29 Jun Accommodation on the Cape Verde Islands

This is a guest post written by Leon Levy
Cape Verde Beach

This string of ten exotic islands marooned 385 miles from the west coast of Africa is home to a unique tapestry of African and Portuguese cultures that make their home on these forested volcanic islands. Enjoy the splendid isolation of the chalk white sandy beaches, explore the lunar landscape, try out water sports such as scuba diving and wind surfing, turtle watch by night – and don’t miss out on the vibrant music and party scene of Cape Verde.

Places to stay on these gorgeous islands include beach huts facing the sea near Calhau on Sao Vincente island, luxury resorts and private apartments in exclusive Sal Island, staying in a hotel or even a colonial villa in Cape Verde’s capital, Praia or try self-catering in the rural villages in the beautiful mountain countryside of Santo Antac.

Cape Verde hotels cater mainly for the package tourist but a double in a reasonably good, clean bed and breakfast can be found in most destinations for about 3000 CVE (£20) per night. These are often family run and will have a restaurant serving alcohol and almost certainly have the warm friendly hospitality that is indigenous to these islands. The beaches on Sal and Boa Vista are widely touted (especially by the proud locals) to be the best in the world – so accommodation close to these incredible locations gets more expensive.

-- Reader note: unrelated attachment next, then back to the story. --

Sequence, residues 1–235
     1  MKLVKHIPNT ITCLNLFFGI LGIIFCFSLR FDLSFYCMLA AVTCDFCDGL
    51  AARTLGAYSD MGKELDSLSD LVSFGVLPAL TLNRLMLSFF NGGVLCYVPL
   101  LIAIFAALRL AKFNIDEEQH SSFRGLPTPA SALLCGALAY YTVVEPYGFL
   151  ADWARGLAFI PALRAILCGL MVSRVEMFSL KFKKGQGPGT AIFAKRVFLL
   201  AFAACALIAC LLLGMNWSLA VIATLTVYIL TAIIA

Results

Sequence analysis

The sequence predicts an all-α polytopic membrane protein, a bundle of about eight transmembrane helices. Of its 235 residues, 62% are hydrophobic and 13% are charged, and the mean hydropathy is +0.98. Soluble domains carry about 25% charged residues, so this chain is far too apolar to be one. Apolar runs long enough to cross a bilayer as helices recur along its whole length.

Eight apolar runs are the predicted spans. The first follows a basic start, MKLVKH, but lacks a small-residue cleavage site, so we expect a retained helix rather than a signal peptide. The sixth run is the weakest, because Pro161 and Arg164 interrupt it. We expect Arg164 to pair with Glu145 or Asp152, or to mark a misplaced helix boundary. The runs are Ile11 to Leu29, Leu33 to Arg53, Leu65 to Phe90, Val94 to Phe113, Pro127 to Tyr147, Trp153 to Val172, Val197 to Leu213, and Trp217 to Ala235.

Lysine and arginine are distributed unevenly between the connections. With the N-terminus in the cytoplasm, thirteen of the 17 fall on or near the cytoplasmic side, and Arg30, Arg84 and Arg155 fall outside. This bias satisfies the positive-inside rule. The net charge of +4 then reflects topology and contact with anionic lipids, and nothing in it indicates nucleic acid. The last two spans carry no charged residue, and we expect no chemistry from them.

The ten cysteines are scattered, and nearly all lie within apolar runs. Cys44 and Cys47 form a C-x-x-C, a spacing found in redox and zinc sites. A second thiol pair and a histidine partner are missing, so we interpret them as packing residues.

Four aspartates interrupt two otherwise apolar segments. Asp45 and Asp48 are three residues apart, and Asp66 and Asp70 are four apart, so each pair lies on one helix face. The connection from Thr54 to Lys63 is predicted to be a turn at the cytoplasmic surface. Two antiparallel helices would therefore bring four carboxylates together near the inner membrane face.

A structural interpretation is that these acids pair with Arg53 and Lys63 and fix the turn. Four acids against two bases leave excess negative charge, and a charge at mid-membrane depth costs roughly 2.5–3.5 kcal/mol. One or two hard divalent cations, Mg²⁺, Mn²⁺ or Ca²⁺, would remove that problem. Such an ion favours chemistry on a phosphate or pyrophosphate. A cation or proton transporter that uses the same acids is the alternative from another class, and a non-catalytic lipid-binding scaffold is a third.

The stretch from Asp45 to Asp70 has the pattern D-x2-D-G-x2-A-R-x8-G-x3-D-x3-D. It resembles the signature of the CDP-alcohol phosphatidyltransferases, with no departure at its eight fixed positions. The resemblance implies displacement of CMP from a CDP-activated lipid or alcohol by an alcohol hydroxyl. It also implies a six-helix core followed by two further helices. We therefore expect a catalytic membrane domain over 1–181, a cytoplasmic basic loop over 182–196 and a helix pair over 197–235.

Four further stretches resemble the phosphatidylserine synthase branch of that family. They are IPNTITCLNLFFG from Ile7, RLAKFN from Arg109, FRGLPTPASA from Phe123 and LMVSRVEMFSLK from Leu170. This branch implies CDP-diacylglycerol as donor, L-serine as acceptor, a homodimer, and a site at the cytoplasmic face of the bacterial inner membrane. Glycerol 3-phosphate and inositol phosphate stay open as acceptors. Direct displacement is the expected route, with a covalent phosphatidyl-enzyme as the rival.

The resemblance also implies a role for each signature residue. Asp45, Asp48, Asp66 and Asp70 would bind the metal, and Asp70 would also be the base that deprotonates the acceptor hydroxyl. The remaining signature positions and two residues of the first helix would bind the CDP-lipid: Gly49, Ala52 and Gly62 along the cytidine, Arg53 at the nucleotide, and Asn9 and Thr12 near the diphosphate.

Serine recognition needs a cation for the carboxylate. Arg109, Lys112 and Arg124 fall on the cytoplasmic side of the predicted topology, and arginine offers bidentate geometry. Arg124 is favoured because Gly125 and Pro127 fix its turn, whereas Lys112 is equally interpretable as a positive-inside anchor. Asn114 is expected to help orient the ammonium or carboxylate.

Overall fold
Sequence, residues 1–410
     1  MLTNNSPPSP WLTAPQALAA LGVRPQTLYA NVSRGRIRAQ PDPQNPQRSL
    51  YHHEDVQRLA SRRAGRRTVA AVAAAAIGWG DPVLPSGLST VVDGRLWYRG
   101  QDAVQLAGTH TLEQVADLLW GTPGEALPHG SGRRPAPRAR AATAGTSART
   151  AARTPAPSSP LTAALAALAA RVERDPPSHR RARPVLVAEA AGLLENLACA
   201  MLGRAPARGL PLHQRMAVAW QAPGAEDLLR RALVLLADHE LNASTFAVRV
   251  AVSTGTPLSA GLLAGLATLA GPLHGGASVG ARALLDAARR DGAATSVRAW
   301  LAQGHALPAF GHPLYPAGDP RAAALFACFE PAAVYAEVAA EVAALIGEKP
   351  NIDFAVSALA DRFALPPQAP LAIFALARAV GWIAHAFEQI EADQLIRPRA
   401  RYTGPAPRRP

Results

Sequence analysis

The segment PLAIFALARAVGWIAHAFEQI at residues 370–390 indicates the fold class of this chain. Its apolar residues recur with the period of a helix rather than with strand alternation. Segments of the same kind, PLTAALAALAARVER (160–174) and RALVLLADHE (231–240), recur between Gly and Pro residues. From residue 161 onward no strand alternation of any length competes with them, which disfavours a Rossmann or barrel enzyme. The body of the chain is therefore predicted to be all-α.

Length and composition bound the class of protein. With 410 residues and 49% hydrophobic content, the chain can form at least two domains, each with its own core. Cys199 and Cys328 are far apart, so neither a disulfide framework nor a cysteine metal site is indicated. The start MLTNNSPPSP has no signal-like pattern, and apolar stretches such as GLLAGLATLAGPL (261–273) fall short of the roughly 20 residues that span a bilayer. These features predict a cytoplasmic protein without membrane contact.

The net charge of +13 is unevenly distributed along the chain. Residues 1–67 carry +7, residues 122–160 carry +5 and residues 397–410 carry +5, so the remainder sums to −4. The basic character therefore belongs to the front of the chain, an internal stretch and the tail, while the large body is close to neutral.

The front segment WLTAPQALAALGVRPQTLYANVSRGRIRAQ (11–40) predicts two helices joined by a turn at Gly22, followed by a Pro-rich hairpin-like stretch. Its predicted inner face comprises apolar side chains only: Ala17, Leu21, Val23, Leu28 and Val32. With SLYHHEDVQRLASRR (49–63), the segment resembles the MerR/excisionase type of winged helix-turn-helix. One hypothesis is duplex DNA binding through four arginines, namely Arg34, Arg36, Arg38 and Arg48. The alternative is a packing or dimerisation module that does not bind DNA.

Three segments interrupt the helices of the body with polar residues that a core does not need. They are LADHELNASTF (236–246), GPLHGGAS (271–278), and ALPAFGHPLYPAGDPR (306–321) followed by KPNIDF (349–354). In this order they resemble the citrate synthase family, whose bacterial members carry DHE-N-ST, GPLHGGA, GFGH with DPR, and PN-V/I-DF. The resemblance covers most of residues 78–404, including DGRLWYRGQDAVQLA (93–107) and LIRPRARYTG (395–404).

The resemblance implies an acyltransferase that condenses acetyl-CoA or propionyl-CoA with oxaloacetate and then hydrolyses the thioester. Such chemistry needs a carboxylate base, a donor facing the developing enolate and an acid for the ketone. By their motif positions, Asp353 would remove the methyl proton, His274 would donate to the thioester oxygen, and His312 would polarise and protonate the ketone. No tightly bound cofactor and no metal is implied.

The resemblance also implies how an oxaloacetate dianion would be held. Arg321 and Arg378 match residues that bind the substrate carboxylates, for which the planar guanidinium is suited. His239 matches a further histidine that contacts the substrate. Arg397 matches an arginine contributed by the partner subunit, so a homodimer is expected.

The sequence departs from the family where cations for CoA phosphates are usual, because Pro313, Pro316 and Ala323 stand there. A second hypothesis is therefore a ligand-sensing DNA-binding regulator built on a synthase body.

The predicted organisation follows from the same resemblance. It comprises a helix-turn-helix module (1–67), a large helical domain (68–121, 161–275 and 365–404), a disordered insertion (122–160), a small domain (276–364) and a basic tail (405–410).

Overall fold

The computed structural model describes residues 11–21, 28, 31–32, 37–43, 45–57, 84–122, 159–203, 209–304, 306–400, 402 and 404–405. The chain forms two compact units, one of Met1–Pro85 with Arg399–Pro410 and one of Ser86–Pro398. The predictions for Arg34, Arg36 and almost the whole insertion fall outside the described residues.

Luxury resorts in Sal, for example – where about 50 percent of all visitors to the islands stay – can easily charge £250 per night for a double room with a sea or pool facing balcony as a basic package to £500 a night for a self-contained apartment with living room with sofa bed, en-suit bathroom and unlimited use of the hotel facilities such as gym, sauna, Jacuzzi as well as water sports activities like kayaking, jet skiing, scuba and snorkelling equipment.

But whether you can afford this kind of luxury or will be keeping to a budget the main attraction is the island itself – and the warm people who live there.

For more information check out MyDestination.com/CapeVerde

[box]photo by bi_plus_one on flickr[/box]

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Victoria Brewood

Hi I'm Victoria, a British girl from Manchester. After graduating from university I decided there was more to life than the hours between 9 and 5, so I packed my journalism degree into my suitcase to travel the world and find a way to make money at the same time. I now call London home, although I still travel whenever I can. I hope to inspire you to be your own boss, live life and see the world.

  • Tim
    Posted at 17:15h, 13 July Reply

    A curious viewpoint, good to see an alternative view, broadening my previous knowledge of Cape Verde, from Ryszard Kapuscinski’s view of it as a “hell-hole” (and there is somebody that has seen several of them) and from one person I met in 08 who had visited & described it as barren and crime-ridden.

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